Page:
Developing intelligence leaders for the future

11 MARCH 2016

An expert in intelligence and security studies at CSU believes nations should invest more in developing their heads of intelligence.

Associate Professor Patrick Walsh

An expert in intelligence and security studies at Charles Sturt University (CSU) believes nations should invest more in developing their heads of intelligence.

Associate Professor Patrick Walsh with CSU's Australian Graduate School of Policing and Security said, "Since the terror attacks of 9/11, we have invested incredible amounts of time and energy in investigating how to make our intelligence analysts and systems better.

"However, I believe liberal democratic governments have not done enough to develop future senior managers and heads of their intelligence agencies or to get the governance of their intelligence agencies right," Professor Walsh said.

Professor Walsh presented his views on intelligence leadership at the 57th annual convention of the International Studies Association at Atlanta, Georgia.

"As both the security and political environments become more complex for intelligence agencies, agency leaders need to become more effective in interpreting and making decisions within these complex situations," Professor Walsh said.

"Threats to global peace include state based conflicts such as in Ukraine and the South China Sea, threats from terrorists groups such as Islamic State and so-called 'lone wolf' attacks in Western countries, and boarder issues such as illegal immigration, arms trading, piracy and disease epidemics, all of which add to the complexities facing national intelligence agencies.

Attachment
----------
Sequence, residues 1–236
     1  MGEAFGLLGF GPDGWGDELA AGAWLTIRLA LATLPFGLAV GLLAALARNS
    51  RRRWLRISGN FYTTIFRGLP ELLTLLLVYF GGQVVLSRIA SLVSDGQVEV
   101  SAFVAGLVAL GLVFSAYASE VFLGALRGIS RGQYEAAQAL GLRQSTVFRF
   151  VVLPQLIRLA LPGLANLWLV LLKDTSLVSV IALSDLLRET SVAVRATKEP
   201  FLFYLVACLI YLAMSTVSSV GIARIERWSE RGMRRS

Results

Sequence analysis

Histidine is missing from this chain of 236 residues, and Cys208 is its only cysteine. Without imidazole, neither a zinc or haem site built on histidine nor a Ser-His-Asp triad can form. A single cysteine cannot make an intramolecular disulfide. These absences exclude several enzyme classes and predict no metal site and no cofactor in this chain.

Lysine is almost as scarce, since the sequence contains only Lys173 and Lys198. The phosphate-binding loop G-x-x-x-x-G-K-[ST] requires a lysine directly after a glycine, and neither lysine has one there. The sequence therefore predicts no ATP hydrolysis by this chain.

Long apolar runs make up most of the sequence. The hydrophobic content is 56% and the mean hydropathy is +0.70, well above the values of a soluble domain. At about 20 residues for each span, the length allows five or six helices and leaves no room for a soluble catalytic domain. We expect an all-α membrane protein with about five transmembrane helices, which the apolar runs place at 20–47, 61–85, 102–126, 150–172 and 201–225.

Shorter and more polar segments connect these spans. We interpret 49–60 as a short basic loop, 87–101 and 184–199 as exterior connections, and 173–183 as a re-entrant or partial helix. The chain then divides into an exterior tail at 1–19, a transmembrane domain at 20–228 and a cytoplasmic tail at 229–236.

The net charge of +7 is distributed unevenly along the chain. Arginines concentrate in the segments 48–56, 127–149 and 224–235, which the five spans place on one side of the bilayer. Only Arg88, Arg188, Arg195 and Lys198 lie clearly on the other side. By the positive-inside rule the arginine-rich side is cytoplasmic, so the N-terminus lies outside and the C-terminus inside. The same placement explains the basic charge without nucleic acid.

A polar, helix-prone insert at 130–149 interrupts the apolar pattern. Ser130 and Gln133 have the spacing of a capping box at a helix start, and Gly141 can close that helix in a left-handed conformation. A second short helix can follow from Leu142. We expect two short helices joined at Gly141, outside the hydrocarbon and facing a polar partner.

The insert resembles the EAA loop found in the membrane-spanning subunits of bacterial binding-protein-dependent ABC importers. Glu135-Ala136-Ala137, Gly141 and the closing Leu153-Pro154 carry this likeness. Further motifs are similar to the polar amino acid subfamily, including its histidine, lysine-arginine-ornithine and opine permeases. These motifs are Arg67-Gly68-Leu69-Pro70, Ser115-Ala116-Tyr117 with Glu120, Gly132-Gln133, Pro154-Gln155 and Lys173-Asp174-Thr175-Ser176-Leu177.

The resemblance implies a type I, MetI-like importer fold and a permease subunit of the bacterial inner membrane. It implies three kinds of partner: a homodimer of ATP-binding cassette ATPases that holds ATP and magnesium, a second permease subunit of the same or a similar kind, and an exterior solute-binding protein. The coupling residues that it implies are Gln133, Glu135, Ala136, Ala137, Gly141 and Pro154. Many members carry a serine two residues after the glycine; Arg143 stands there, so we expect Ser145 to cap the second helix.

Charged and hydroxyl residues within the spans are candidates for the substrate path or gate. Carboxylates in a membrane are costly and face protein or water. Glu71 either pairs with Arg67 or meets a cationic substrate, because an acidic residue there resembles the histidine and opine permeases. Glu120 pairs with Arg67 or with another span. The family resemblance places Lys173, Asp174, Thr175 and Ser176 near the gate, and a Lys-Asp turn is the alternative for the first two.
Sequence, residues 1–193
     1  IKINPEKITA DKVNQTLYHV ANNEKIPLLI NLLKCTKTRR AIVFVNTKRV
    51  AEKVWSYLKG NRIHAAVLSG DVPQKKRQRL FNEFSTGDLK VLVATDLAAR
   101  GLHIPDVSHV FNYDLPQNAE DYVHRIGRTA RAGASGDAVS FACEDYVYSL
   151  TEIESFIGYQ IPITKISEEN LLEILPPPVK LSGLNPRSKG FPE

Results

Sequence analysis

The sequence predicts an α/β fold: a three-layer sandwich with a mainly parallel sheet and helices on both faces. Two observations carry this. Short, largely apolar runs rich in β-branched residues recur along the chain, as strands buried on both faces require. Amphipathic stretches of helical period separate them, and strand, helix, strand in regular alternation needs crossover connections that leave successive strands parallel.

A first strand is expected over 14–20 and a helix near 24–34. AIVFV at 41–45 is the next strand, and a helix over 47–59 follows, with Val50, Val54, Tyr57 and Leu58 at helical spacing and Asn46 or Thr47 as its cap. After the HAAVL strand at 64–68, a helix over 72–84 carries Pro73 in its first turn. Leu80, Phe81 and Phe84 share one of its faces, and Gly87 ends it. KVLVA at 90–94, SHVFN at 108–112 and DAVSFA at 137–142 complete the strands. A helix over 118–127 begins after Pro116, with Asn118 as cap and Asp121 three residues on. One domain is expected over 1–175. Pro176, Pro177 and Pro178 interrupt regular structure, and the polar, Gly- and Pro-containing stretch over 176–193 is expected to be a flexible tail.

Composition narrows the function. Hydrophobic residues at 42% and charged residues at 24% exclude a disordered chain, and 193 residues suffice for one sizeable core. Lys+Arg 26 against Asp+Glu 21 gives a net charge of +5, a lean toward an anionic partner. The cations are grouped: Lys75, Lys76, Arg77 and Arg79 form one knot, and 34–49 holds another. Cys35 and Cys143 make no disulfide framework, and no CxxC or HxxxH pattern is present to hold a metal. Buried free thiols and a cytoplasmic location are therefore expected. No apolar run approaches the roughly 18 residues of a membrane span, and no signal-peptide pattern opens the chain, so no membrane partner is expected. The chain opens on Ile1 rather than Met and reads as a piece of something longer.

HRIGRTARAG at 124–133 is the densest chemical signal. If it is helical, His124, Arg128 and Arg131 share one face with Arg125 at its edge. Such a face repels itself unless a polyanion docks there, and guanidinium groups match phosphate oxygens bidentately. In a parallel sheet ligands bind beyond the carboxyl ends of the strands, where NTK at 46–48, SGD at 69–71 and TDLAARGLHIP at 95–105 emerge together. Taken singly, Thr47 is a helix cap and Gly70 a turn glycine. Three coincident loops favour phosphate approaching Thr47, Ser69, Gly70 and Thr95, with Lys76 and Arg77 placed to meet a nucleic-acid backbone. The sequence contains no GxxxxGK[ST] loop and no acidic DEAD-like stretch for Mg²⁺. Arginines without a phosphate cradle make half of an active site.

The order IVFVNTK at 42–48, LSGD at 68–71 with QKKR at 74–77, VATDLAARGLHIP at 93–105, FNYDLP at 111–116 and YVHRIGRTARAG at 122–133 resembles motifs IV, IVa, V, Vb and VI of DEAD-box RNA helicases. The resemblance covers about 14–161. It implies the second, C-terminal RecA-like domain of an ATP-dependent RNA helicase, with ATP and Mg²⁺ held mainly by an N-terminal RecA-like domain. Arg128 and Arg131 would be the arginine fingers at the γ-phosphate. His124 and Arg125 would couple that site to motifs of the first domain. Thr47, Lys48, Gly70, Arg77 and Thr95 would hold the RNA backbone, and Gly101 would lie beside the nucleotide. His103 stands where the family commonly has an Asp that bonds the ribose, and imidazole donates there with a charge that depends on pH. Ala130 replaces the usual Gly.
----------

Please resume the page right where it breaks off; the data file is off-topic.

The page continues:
"Many non-state threat actors such as terrorists use social media and the internet for recruiting and planning, and so intelligence agencies face challenges in providing adequate warning of impending dangers and improving the impact of policy makers' decisions at times of crisis.

"We need to develop intelligence leaders who can navigate these turbulent waters and reduce major intelligence failures in the future," Professor Walsh said.

The former intelligence analyst also recognised the impact of the political and security environment on intelligence leaders. For example, he highlighted the politicisation of intelligence reports which affects the ability of intelligence agencies to provide fair and frank information to political leaders as has happened particularly in the US since the 9/11 attacks in 2001.

"We need to improve the governance of our intelligence agencies and communities as the world's security environment becomes more complex," Professor Walsh said.

"Intelligence leaders need to have strategic vision, be able to respond effectively in different environments, and develop flexible organisational structures and culture to deal with this complexity."

"In addition to leaders, intelligence organisations need both adaptable structures and functions to effectively address a nation's security concerns," Professor Walsh said.
Media Note:

Associate Professor Patrick Walsh leaves Australia for the US conference on Saturday 12 March. For interviews before his departure, and print quality photo, please contact CSU Media.Dr Walsh will present his paper, titled "Developing future leaders of our intelligence agencies and communities: challenges and opportunities", on 17 March in Atlanta, Georgia, USA at the 2016 international convention for the International Studies Association.

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